Category: Fish/Shellfish Research and Management
Published: April 2020
Publication number: FPA 20-04
Author(s): Devin West, John Winkowski, and Marisa Litz
This report provides the 2019 results from the juvenile salmonid monitoring study on the Newaukum River main stem near Centralia, WA. The primary objective of this study is to describe the freshwater production (e.g. smolt abundance) of Pacific salmon (Oncorhynchus spp.) and steelhead (O. mykiss) in the Newaukum River. Specifically, we describe the abundance, timing, and diversity (body size, age structure) of juvenile outmigrants for wild Chinook (O. tshawytscha), coho salmon (O. kisutch), and steelhead (O. mykiss). Based on the location and timing of our study, the results reflect juveniles that completed their freshwater rearing phase in habitats upstream of river kilometer 9.35 (river mile 5.8) of the main stem Newaukum River.
To meet the study objectives, a 1.5 meter (5–foot) rotary screw trap was operated near river kilometer 9.35 (river mile 5.8) of the main stem Newaukum River from March 13 to July 12, 2019.
Chinook outmigrants were subyearlings. The majority of Chinook fry (≤ 45 mm fork length) outmigrate when flow conditions are not suitable for smolt trapping in the Chehalis River (e.g. January and February). Therefore, our goal was to estimate the subyearling (> 45mm fork length) component of the Chinook outmigration that generally occurs from March – July. Fork length of Chinook subyearlings increased steadily throughout the trapping period with an average of 55.0 mm (± 2.7 mm, standard deviation SD) and 78.4 mm (± 6.5 mm SD) in the first and last sampled week of trapping, respectively. Roughly 88% of the total catch of wild Chinook subyearling outmigrants were > 45mm. Abundance of wild Chinook subyearling outmigrants was estimated to be 277,109 ± 33,482 SD with a coefficient of variation (CV) of 11.8%. Coho outmigrants were both yearling and subyearlings. Scale age data indicated the subyearling component of the coho outmigration started near the middle of May and that prior to this date outmigrants were primarily one year of age, or yearlings. Fork length of yearling outmigrants averaged 105.0 mm (± 12.9 mm SD) whereas fork length of subyearling outmigrants averaged 75.5 mm (± 7.9 mm SD). Abundance of wild coho outmigrants was estimated to be 51,228 ± 3,820 SD with a CV of 13.1%.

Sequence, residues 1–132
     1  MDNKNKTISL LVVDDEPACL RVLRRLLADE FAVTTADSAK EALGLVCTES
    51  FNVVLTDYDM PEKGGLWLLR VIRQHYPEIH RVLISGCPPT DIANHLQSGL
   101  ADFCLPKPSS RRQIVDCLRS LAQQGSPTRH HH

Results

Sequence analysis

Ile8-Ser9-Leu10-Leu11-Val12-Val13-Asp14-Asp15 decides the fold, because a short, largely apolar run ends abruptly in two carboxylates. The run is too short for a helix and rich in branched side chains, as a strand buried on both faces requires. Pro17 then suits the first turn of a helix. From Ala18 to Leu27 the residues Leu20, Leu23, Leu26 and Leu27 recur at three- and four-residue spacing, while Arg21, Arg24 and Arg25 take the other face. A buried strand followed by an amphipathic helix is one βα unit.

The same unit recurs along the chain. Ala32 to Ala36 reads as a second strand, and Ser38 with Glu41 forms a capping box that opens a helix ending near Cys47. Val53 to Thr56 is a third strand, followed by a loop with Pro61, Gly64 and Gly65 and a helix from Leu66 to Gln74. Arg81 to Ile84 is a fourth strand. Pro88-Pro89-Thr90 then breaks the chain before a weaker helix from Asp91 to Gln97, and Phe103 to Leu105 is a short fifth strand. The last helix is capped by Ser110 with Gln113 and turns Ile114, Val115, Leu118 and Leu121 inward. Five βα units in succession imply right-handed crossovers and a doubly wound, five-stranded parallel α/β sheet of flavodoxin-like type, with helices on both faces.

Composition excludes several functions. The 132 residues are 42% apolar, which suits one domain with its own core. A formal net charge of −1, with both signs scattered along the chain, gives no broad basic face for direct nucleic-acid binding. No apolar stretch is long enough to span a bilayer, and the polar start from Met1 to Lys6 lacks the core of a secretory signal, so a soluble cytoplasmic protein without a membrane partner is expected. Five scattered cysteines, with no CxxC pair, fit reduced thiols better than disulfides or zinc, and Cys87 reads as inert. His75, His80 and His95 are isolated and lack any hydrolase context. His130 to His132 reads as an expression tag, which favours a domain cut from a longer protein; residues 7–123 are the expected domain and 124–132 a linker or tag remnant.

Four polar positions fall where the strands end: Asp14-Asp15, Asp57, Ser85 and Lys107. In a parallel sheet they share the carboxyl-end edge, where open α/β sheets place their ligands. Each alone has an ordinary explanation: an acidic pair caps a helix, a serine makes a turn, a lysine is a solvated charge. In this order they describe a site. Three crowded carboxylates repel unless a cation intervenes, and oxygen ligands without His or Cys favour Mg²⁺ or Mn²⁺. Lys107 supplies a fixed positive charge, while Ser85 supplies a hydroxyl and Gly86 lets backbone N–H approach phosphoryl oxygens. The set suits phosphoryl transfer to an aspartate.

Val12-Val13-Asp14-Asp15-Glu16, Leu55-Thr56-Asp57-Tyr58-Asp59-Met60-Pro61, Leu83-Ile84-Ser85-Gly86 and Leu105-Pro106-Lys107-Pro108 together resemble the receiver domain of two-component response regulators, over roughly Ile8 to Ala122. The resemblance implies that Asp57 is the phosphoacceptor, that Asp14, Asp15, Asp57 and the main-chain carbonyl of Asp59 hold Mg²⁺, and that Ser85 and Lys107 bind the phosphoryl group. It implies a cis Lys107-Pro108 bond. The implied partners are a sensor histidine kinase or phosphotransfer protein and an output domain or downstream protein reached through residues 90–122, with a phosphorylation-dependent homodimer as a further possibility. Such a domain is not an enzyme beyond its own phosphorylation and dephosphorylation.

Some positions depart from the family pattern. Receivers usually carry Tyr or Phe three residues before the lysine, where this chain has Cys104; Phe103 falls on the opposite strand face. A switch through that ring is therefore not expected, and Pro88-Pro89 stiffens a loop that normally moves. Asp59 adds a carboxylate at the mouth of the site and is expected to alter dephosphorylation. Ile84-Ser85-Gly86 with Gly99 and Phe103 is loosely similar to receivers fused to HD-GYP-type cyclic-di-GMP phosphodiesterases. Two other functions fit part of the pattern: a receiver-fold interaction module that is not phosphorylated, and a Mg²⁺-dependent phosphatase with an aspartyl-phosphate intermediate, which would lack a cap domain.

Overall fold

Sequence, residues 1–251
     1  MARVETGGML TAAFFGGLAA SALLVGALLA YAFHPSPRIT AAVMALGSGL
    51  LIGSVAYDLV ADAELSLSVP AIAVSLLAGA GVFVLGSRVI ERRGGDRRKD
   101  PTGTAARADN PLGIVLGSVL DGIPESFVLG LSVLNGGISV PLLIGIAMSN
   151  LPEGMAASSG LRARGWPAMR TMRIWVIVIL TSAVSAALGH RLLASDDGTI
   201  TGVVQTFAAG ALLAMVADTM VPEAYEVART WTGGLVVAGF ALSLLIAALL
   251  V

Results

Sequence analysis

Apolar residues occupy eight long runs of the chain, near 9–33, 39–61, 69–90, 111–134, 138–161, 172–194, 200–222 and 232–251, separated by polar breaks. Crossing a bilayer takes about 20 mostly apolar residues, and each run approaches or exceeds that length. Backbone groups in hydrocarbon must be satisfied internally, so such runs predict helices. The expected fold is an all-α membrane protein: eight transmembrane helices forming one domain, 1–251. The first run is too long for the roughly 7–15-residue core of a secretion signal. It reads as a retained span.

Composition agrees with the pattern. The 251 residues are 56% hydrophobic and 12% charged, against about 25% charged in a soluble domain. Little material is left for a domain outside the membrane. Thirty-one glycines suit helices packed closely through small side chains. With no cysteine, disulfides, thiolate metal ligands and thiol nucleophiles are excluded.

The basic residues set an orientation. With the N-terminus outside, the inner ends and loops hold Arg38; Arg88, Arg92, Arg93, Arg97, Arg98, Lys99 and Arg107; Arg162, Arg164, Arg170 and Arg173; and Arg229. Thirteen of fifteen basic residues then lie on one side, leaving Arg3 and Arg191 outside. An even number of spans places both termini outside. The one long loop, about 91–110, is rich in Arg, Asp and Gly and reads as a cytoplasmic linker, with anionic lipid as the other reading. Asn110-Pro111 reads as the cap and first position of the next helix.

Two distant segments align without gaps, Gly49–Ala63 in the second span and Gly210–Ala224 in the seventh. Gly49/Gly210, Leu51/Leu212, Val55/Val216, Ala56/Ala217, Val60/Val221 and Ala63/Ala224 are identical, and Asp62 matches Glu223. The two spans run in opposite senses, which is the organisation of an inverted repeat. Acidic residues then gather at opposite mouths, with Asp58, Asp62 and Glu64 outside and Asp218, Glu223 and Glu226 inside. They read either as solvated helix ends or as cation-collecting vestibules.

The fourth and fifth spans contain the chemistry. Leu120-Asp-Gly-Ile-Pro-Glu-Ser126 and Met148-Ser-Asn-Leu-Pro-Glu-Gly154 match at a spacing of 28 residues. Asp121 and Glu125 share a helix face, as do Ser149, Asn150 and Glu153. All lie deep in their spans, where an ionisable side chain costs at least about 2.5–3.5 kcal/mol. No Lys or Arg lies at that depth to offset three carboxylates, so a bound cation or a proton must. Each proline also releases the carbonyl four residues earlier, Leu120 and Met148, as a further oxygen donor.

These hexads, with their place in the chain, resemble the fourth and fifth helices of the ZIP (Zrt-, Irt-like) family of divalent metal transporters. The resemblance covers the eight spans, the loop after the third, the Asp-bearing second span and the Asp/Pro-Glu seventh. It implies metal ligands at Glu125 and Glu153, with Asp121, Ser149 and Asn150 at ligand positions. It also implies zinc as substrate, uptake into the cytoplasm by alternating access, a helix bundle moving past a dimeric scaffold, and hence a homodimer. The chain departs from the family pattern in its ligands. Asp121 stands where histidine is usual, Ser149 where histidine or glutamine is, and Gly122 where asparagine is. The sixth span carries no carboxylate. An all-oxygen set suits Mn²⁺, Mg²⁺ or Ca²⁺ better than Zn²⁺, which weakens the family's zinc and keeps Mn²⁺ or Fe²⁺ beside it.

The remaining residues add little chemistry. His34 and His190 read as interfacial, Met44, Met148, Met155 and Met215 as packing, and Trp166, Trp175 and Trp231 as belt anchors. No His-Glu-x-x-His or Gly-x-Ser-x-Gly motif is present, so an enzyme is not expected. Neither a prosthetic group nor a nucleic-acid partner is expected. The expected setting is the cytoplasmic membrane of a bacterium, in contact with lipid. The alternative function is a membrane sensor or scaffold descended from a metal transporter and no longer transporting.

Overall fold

Steelhead outmigrants were one, two, and three years of age. Fork length averaged 140.0 mm (± 21.6 mm SD) for one-year olds, 162.9 mm (± 15.3 mm SD) for two-year olds, and 180.4 mm (± 19.4 mm SD) for three-year olds. We were not able to produce an accurate or precise estimate this season due to low recaptures and not trapping over the entirety of the steelhead outmigration.
West, D., J. Winkowski, and M. Litz. 2020. Newaukum River Smolt Production, 2019, FPA 20-04. Washington Department of Fish and Wildlife, Olympia, Washington.